U.S. stocks swung between gains and losses Thursday, then ended right back where they started.
With seconds to close, the Standard and Poor's 500 eked out a gain, finishing just 0.02% higher.
Stocks rose at the open of trading, echoing a surge in markets in Europe, where the central bank announced a series of moves to jolt the region's economy to faster growth. Then, as European Central Bank chief Mario Draghi spoke at a news conference, investors started having second thoughts and stocks there sank, as did U.S. markets.
The S&P 500 edged up 0.31 of a point to end at 1,989.57.The Dow Jones industrial average slipped 5.23 points, less than 0.1%, to 16,995.13. It was up as much as 130 points earlier in the day. The Nasdaq composite fell 12.22 points, or 0.3%, to 4,662.16.
The new European Central Bank moves included a cut in interest rates, cheap loans to banks and several new measures, such as targeting corporate bonds in its bond-buying program.
The interest rate paid to commercial banks to store money at the central bank was cut further into negative territory, to minus 0.4% from minus 0.3%. The aim is to get banks to remove the money and use it to make loans, but it's an unprecedented and controversial policy.
“The central bank came out all guns blazing,” said Craig Erlam, senior market analyst at currency trader OANDA.
The bank's efforts also underlined the weakness of the 19-country Eurozone and the desperation by monetary authorities to do something about it. The policy announcements ended up rattling investors more than reassuring them.
“The effectiveness of central bank policy has become less and less,” said Ernie Cecilia, chief investment officer of Bryn Mawr Trust. “There really isn't a lot of growth to show. Europe is really struggling.”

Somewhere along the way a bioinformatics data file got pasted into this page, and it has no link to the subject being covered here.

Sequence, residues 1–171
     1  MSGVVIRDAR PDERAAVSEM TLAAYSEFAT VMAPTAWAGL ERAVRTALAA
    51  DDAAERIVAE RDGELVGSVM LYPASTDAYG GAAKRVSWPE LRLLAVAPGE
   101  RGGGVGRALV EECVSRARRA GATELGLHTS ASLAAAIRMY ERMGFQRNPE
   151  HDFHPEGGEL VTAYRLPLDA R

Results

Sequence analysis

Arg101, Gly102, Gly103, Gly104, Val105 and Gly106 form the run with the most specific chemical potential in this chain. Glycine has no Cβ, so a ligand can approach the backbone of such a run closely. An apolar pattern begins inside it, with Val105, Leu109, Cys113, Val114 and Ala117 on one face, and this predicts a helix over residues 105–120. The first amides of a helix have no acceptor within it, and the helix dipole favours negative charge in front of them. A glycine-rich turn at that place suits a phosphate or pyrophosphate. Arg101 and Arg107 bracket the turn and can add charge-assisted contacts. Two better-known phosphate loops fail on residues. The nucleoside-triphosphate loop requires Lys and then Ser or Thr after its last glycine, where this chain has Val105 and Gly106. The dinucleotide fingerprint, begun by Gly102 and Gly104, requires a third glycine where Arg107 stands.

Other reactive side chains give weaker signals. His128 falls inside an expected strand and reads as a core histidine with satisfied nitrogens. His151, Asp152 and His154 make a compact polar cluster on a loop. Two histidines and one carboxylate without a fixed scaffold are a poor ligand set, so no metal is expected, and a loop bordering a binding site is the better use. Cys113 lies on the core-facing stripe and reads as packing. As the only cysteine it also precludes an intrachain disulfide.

In the United States, several companies lost ground after releasing disappointing earnings and outlooks. Canadian Solar sank 13% and Vail Resorts lost 4%.
Nearly all companies have come out with fourth-quarter results, and earnings per share for the S&P 500 are now estimated to have fallen 4.2% from the same period a year earlier, according to S&P Capital IQ.
In energy trading, U.S. crude oil shed 1.2% after jumping 4.9% on Wednesday.
Tim Courtney, chief investment officer of Exencial Wealth Advisors, thinks the drop played a role in dampening the stock market's gains for the day.
“When oil falls, it conjures up images of deflation, inventories piling up and China slowing,” he said. For investors to buy more stocks, “they want to see oil markets stabilize.”
Among stocks making big moves, Dollar General rose 11% to $83.23 after the retailer reported that its fourth-quarter profit rose almost 6%, topping Wall Street expectations.
U.S. crude sank 45 cents to $37.84 a barrel on the New York Mercantile Exchange. Brent crude, which is used to price international oils, fell $1.02, or 2.5%, to $40.05 a barrel.
In other energy trading, wholesale gasoline fell 3.15 cents, or 2%, to $1.439 a gallon, heating oil rose 1.66 cents to $1.216 a gallon and natural gas climbed 3.6 cents to $1.788 per 1,000 cubic feet.
In Europe, Germany's DAX lost 2.3%, France's CAC 40 fell 1.7% and Britain's FTSE 100 gave up 1.8%.
U.S. government bond prices fell, pushing yields higher. The yield on the 10-year Treasury note rose to 1.93% from 1.88% the day before. In currency trading, the euro rose to $1.1207 from $1.0996 late Wednesday and the dollar fell to 112.97 yen from 113.40 yen.
Industrial and precious metals mostly rose. Gold increased $15.40 to $1,272.80 an ounce. Silver climbed 18.3 cents to $15.55 an ounce. Copper slipped 1.25 cents to $2.22 a pound.